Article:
3

Let's say that I buy example.com domain from GoDaddy who is authorized to sell domains under .com and I would like to use my own DNS servers for zone example.com. What does the GoDaddy technically do if they use BIND as a DNS server? Do they simply create a zone file for example.com and use similar NS records in this zone file in their server:

          IN      NS     customer-ns1.example.com.
          IN      NS     customer-ns2.example.com.

Am I correct? Are there any other technical steps which domain registrar would take?

2

No. If you use your own DNS servers, they don't create a new zone.

What they do is:

  • tell the registry that you have registered the domain name, providing information about you (usually by pointing back to their own whois servers, but that varies from TLD to TLD), though this is sometimes mitigates by the use of privacy proxies

  • tell the registry that the servers for the domain are so and so. If the nameservers have names within the domain itself (something you should definitely avoid), they will also provide the IPs of those servers in addition to the names (to create the glue records).

It's the registry that will add the nameservers (and possibly glue records) for your domain to the TLD's zone.

So, DNS-wise, in this situation, the registrar doesn't do anything at all. They're just a reseller for the registry.

Of course, this situation is probably quite infrequent, as the majority of domain name holders will need DNS hosting (and web hosting, and mail hosting, etc.)

-1

To answer your question directly: Yes. You described it correctly.

However, I am addressing primarily the statement: and I would like to use my own DNS servers

You have a problem that may not have occurred to you yet.

Now for the problem:

You do not want to host your own domain name on your own NS servers that are sub-domains or your parent domain. You should never host your domain name on a network that requires your domain name to resolve. What happens if there is a problem?? It is impossible to fix a problem where your domain name is not resolving when they are on NS servers that require your domain name to reach.

I used to be a web host in my previous life. Yes. I did have my domain name in my DNS servers which were the SOA (statement of authority) for the domain name as much as the DNS servers knew, however I had two redundant high availability DNS servers on two other networks and I pointed the registrar to these. These external DNS servers pulled from my masters. The reason is simple. If anything were to go wrong with my network, it did not interfere with resolving my domain name(s). Hosting your own domain name on a network that requires your domain name to work, will spell disaster for you at some point likely sooner than later and it is nearly impossible to fix without being an expert and a long wait time.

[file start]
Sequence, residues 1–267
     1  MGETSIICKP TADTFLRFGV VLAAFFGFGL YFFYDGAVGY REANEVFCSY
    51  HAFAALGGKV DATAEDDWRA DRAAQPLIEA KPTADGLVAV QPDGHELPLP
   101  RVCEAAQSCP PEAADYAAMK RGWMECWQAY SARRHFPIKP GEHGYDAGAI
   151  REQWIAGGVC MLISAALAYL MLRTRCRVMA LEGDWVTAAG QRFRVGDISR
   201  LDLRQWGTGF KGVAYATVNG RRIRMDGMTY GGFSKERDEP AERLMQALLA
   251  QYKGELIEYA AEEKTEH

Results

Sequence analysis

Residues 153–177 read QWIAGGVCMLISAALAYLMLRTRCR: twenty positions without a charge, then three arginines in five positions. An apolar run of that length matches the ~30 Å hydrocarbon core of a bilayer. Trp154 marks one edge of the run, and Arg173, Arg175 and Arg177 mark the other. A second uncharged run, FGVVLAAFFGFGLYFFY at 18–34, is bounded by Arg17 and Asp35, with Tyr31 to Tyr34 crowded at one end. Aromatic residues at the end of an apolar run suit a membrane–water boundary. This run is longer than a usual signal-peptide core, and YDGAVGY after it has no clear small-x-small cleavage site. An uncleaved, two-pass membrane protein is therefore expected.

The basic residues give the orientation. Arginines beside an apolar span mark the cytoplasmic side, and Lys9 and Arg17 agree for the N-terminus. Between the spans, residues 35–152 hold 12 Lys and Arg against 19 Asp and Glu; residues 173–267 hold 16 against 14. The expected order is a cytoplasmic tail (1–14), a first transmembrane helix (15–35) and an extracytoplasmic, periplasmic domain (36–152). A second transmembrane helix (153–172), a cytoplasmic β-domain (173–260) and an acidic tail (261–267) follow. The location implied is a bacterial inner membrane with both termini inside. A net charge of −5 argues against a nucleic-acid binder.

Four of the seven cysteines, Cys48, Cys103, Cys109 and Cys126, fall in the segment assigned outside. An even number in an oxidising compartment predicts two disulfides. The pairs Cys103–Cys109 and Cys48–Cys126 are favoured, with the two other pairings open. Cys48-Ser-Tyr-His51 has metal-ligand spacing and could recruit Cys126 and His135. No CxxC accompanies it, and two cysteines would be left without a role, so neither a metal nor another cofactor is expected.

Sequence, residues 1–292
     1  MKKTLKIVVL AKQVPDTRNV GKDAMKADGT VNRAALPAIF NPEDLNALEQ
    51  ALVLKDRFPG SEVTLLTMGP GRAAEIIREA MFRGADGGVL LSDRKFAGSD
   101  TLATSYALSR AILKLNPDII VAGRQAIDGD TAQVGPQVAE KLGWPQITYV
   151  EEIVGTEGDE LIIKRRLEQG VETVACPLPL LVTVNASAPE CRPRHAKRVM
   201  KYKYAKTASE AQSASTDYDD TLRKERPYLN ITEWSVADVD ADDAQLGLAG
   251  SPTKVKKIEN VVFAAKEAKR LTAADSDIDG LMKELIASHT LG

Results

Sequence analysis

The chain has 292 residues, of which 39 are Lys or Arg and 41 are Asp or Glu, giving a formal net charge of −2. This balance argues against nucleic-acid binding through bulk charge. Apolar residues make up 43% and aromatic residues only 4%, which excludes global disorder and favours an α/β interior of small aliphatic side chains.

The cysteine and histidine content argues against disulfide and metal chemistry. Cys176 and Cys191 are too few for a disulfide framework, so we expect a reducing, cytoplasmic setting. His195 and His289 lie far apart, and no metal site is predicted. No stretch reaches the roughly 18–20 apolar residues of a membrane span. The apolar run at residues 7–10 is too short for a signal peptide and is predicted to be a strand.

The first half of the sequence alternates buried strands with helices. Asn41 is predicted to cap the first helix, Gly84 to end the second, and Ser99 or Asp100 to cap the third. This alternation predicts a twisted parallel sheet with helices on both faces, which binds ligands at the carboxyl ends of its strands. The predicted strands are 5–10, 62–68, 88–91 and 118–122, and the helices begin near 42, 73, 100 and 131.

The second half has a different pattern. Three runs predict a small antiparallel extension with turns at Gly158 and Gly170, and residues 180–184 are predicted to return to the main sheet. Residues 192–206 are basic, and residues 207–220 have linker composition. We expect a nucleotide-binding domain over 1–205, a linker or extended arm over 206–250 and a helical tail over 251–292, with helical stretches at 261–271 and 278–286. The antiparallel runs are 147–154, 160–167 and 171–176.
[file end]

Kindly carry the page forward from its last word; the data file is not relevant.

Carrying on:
I highly advise against what you are trying to do.

Your recovery time will be long.

  • 1
    Did you post this answer on the correct question? I can't tell how it relates to what is being asked. – Stephen Ostermiller Oct 2 '15 at 15:39
  • @StephenOstermiller The Let's say that I buy example.com domain and I would like to use my own DNS servers for zone example.com is a problem. I was addressing that. It is a scenario that is easy to get into, but nearly impossible to get out of quickly when something goes wrong. – closetnoc Oct 2 '15 at 21:21
  • 1
    I see. That seems like a hypothetical that is tangential to the question of "Where does the registrar actually put records when you buy a domain name?" – Stephen Ostermiller Oct 2 '15 at 21:37
  • @StephenOstermiller I was addressing the OPs desire to host his own domain name on NS that require his domain name to accessed. It used to be against the rules of the Internet when I was a web host if it is not today. It was part of the certification process that was required to be a registered ISP and customer SOA way back in the dark ages which included two separate networks from two vendors, two NS servers external to the networks before two internal NS were allowed. There was a reason for this which was hosting your own domain SOA on a network that requires the domain name failed often. – closetnoc Oct 2 '15 at 22:10

Your Answer

By clicking “Post Your Answer”, you agree to our terms of service, privacy policy and cookie policy

Not the answer you're looking for? Browse other questions tagged or ask your own question.